It’s not easy to do a year as good as this one for films justice while only mentioning ten, but here’s my poorly-written and pretentious take. As a sidenote, I’ve made this list without seeing films that I’m sure I would love, most notably Never Let Me Go, Black Swan, 127 Hours, Carlos, Dogtooth and Winter’s Bone. This is as best a list as can be managed without seeing those, but I’m fairly confident that the top three or four would remain intact. (Also I fucking suck at formatting shit on tumblr)
10. How To Train Your Dragon
It’s hard to help but feel that so much of the praise garnered by this film is largely based on the fact that nobody would expect it to be this good. Regardless of that, the film actually is pretty unbelievably good. Even without the emotional connection between a boy and his pet, the representation of teenage alienation from one’s culture and family, the visualization of the dangers of mass hysteria, and the hilarious antics of the younger vikings, we’d still have the flight sequences. And how amazing those flight sequences really are, easily the best interpretation of flight that’s been contained by an animated film in recent memory. Beautiful landscapes, strong characters, an inventive setting, and (mostly) great voice acting.This is all coming from someone who didn’t even see the film in 3D.
9. A Prophet (Un Prophète)
While The Wire never got around to examining the intricacies of the French prison system and the Corsican mafia, it’s hard to imagine it being very different from what is done in A Prophet. Trading the scatter-shot focus and ensemble cast of that show for a singular focus upon one man, A Prophet presents a sprawling portrait of the life of a 19-year-old Arab immigrant in a French prison. Even before the fellatio-based assassination plot, it’s already clear that the film is something special, and the turns taken throughout the film only continue to live up to this promise. Just as gripping when he’s cleaning up blood with his only t-shirt as when he’s making the first strides towards full literacy.
The Internet-wide embargo on spoilers for this movie probably did ultimately more to hurt people’s reactions to it than to help. The joy and intrigue granted to those who initially viewed the film completely cold at Sundance lead to the idea that any detail about the story was an irreconcilable spoiler. In that case, hopefully the next sentence cannot be considered a spoiler: this is a film about people on the Internet, how things are often not what they seem, family, desperation and loneliness. I, for one, fully buy everything that happens in the movie and reject the idea that it is a fictionalized documentary. Mystery and suspense lead up to an emotionally devastating climax, that will completely alter the way you feel about and use the Internet. The final line, and explanation of the title, serves as a maxim that rings ever-true. Some people are catfish, and we need them to keep us on our feet.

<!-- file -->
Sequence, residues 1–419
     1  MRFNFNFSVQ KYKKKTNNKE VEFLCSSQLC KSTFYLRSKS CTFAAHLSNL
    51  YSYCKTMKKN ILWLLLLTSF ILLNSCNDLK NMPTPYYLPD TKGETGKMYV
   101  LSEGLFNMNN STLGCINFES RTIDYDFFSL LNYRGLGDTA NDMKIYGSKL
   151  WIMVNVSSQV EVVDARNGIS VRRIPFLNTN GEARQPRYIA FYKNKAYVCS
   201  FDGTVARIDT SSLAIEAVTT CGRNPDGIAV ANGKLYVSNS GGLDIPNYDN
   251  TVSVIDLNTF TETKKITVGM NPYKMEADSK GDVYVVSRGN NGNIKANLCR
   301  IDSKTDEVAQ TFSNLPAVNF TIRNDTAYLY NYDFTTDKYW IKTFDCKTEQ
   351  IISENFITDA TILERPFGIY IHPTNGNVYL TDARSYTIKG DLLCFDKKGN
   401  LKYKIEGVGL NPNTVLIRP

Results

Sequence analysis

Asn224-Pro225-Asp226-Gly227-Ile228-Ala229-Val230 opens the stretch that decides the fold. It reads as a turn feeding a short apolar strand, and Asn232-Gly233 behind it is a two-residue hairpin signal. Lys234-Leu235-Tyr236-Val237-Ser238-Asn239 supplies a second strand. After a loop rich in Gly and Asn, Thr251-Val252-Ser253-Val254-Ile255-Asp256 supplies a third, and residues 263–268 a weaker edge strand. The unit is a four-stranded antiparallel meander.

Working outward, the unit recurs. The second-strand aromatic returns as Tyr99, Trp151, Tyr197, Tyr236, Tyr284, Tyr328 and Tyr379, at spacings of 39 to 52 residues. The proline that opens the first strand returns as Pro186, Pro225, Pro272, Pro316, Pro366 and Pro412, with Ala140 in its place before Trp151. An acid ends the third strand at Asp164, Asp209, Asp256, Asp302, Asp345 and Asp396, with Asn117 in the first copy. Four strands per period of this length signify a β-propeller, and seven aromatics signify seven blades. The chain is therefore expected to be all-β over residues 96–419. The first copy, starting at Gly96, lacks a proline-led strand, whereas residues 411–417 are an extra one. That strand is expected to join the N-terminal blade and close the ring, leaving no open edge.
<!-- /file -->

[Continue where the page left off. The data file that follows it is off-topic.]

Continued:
7. Toy Story 3
Really no surprise that this movie turned out to be as amazing as it was. I’d go so far as to say that it transcends the golden standard of joyful and heartwarming cinema that we’ve come to expect from Pixar, and is something more. A heartbreaking yet optimistic tale of age, obsolescence, worth, and purpose, If Toy Story 3 doesn’t leave you mixing tears with a smile you might just not have a soul. The film can ultimately be seen to have two denouements, one of which is epic and soulcrushing, the other redemptive and magnificent. The two work in conjunction to leave you left with and unnerving, confusing sense of fulfilment. I’d go so far to call it a religious experience.
6. Exit Through the Gift Shop
Exit Through The Gift doesn’t suffer from the same dilemma that a movie like I’m Still Here, and to a lesser extent Catfish, does. If the film is fake, it’s a brilliant commentary on the nature of art, inspiration, originality, the youtube culture, creativity and celebrity; not to mention that it’s damn funny. If the film is genuine, it’s an achievement in simply capturing the life of an incredibly unique individual and a glimpse into a world that is not nearly as heavily documented as it should be. Great footage of street art in motion and a fascinating protagonist make this film truly notable. The film’s mission statement is summed up in Banksy’s great closing line: “perhaps it means maybe, art is a bit of a joke”.
5. True Grit